**Remember a firefight on the Afghan border last year when allegedly a Pak Major and several of his soliders were allegedly killed by NATO fire from Afghanistan into Pakistan? Those troops were in league with and co-manning together with Taliban fighters the firing pits being used to first and foremost fire across the Duran Line into NATO forces on proper patrol inside Afghanistan. Etc.

We have similarly had the Pak bearded FC warriors refuse to fight their blood relatives and fellow terrorist verison of Pukhtuns, which is what has the non-terrorist Pukhtuns up in arms against the Taliban, the Pak Army, and the Pak Central Government, in addition to their secondary reason which is their to me [my opinion, to be clear] foolish and vain hope of an "independent" Pukhtun homeland made up of much of Afghanistan and NW Pakistan.

Here is one small example of Pukhtuns talking on Hujra Online today about Pak troops not fighting Taliban, both being ethnic Pukhtuns all wearing beards....which is not proper miliary decorum even for the Pak Army in today's world, reflecting the bad situation in the manning of today Pak Frontier Corp in N. Paksitan:

Quote:
You have pakhtuns there in Swat, all of them with beards and look no different from the Talibaan. If you are a soldier (forget being a civilian) and you are approached by two people, how do you distinguish between a talib and non talib? The talibs are cowards that are hiding among civilians and therefore all these civilian deaths.

Most of these guys are talibs by day and humans by night and vice versa and if caught and killed; then the public, you and I start shouting that an innocent has died. If all of these guys are innocents then there are no talibs in our area and we all should be happy. But in reality you and I both know that is not the case.

Innocents and humans have mostly moved away from Swat. They do not care for their lands, shops and houses and would rather live in peaceful punjab and give their children a future than live among the animals called Talibs.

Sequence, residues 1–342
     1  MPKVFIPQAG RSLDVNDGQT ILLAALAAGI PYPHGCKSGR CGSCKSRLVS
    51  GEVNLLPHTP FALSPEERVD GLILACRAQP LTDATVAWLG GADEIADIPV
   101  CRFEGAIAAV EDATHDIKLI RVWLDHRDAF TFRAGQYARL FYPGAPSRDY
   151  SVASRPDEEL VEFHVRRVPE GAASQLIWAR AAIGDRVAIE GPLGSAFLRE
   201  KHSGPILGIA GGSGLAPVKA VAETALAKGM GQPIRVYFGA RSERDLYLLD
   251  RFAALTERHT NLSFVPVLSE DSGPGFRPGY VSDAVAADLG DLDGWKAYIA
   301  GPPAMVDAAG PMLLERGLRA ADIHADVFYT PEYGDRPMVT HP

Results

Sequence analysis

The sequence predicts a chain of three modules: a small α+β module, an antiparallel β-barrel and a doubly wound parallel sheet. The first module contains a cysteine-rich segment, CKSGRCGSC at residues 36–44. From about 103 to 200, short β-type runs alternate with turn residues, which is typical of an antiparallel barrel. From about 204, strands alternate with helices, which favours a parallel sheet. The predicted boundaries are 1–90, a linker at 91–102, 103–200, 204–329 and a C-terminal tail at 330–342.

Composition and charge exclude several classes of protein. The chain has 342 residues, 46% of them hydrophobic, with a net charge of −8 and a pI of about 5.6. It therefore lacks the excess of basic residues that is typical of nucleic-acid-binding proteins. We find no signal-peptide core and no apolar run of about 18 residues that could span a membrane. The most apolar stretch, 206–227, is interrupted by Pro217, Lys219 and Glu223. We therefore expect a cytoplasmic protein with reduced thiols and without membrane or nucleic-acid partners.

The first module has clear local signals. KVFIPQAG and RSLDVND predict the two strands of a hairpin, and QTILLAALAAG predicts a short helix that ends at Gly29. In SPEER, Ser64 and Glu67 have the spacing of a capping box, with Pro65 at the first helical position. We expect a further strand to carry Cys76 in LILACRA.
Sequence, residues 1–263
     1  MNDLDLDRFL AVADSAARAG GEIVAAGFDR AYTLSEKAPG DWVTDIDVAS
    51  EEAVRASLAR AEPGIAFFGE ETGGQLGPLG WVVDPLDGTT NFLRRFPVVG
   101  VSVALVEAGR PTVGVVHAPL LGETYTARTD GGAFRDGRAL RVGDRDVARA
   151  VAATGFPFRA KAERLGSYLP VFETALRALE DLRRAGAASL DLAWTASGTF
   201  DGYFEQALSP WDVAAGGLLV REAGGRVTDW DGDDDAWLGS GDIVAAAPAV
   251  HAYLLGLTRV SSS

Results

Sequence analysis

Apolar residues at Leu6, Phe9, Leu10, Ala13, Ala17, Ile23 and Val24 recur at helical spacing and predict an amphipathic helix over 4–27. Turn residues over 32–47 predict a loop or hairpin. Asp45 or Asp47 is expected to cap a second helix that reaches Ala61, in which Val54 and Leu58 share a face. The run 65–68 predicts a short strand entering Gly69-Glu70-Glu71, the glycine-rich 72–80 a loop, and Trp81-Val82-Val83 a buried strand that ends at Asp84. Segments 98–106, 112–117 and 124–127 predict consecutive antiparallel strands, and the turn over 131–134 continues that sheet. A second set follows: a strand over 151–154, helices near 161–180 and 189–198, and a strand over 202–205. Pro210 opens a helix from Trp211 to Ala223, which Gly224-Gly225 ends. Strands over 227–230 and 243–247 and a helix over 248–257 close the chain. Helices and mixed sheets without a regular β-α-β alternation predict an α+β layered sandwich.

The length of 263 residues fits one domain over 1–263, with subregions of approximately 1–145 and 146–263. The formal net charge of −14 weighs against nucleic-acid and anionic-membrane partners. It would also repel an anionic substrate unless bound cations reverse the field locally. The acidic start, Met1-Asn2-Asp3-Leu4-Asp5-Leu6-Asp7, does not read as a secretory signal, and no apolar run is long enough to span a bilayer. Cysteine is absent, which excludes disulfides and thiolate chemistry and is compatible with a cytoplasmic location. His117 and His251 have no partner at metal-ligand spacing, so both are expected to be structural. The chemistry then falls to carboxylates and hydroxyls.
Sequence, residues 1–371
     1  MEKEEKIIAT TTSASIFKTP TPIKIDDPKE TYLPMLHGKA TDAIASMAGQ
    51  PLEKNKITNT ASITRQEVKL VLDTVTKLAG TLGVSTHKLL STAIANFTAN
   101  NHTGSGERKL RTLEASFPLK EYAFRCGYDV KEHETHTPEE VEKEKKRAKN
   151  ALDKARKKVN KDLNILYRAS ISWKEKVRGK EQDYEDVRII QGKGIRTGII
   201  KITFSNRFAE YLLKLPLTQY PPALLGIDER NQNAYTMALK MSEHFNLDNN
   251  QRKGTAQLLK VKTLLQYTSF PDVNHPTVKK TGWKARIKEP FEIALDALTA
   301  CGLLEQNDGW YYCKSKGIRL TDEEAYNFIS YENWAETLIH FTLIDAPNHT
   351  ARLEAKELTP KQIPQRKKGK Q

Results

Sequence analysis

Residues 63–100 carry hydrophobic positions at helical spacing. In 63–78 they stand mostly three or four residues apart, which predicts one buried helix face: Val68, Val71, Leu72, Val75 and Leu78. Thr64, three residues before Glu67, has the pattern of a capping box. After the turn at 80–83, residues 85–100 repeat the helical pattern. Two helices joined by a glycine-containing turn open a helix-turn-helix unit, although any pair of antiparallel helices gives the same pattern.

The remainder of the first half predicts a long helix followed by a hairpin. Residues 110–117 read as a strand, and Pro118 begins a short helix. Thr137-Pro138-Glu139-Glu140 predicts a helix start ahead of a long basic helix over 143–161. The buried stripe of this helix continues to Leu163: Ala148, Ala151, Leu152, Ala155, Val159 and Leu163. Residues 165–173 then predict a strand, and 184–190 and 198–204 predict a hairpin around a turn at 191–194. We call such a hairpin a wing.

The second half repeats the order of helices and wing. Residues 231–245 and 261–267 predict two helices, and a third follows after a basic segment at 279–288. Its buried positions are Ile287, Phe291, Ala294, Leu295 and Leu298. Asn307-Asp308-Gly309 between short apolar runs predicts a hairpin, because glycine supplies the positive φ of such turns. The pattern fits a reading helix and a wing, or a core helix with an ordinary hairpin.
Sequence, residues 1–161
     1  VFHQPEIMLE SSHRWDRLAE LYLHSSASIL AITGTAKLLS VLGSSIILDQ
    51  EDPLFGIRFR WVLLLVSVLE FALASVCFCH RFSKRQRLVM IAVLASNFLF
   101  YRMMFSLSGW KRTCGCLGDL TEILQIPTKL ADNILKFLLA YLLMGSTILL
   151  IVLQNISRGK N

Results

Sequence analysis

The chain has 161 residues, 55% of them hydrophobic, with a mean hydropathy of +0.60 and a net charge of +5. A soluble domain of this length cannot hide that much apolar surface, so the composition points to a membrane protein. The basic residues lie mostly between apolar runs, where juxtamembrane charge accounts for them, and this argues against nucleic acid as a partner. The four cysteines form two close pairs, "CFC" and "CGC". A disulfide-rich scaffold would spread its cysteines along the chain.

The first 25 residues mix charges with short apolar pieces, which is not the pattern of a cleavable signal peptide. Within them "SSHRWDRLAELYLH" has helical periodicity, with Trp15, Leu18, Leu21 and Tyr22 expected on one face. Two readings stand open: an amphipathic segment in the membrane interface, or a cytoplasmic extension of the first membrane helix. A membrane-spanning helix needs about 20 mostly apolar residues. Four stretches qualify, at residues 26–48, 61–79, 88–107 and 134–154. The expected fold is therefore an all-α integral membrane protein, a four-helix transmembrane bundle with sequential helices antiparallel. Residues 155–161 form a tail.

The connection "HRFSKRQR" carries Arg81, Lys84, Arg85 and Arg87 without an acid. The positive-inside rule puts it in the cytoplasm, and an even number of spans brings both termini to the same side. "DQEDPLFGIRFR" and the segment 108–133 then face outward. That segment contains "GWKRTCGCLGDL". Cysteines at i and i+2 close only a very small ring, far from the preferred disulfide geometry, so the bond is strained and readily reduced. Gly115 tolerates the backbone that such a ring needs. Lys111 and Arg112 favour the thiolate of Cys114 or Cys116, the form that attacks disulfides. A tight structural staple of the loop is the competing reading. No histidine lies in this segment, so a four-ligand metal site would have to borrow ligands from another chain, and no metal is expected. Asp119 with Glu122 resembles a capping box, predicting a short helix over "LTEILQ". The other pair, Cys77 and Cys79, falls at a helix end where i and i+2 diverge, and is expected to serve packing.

The army if told to move out, which might very well happen if our only hope, unless you really want FM to represent you and you want to live under his stupidity which he calls Shariah. Trust me, you would rather have the army with all its flaws than the Talibs and their so called Islam....
http://www.khyberwatch.com/forums/showthread.php?t=2295

This and other on line conversations from today and recent days from inside Swat and elsewhere in adjoining Pakistan are a good read.

Last edited by George L. Singleton; 02-16-2009 at 04:19 AM.
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Old 03-18-2009   #16
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CEIP, Mar 09: Reforming the Intelligence Agencies in Pakistan's Transitional Democracy
Quote:
The purpose of the present report is to analyze the intelligence agencies’ role in Pakistan’s political life through a better understanding of the agencies’ objectives and mechanisms. Because Pakistan’s civilian governments have been victims of the agencies’ manipulation in the past, the new and very fragile government cannot ignore the decisive role of the intelligence agencies in Pakistani politics if it wants to counter the direct and more subtle manifestations of military control. The domestic political role of intelligence agencies is always a combination of three elements: militarization, comprehensive political surveillance, and state terror. The intensity and relative importance of each component varies over time and according to the specific situations in each country, but all three are always present. Terror as it applies to individuals or groups can be carried out by proxies and is intermittent, but it remains an essential element of the system. An intelligence agency’s reputation for ruthlessness is often as important as its actual efficiency.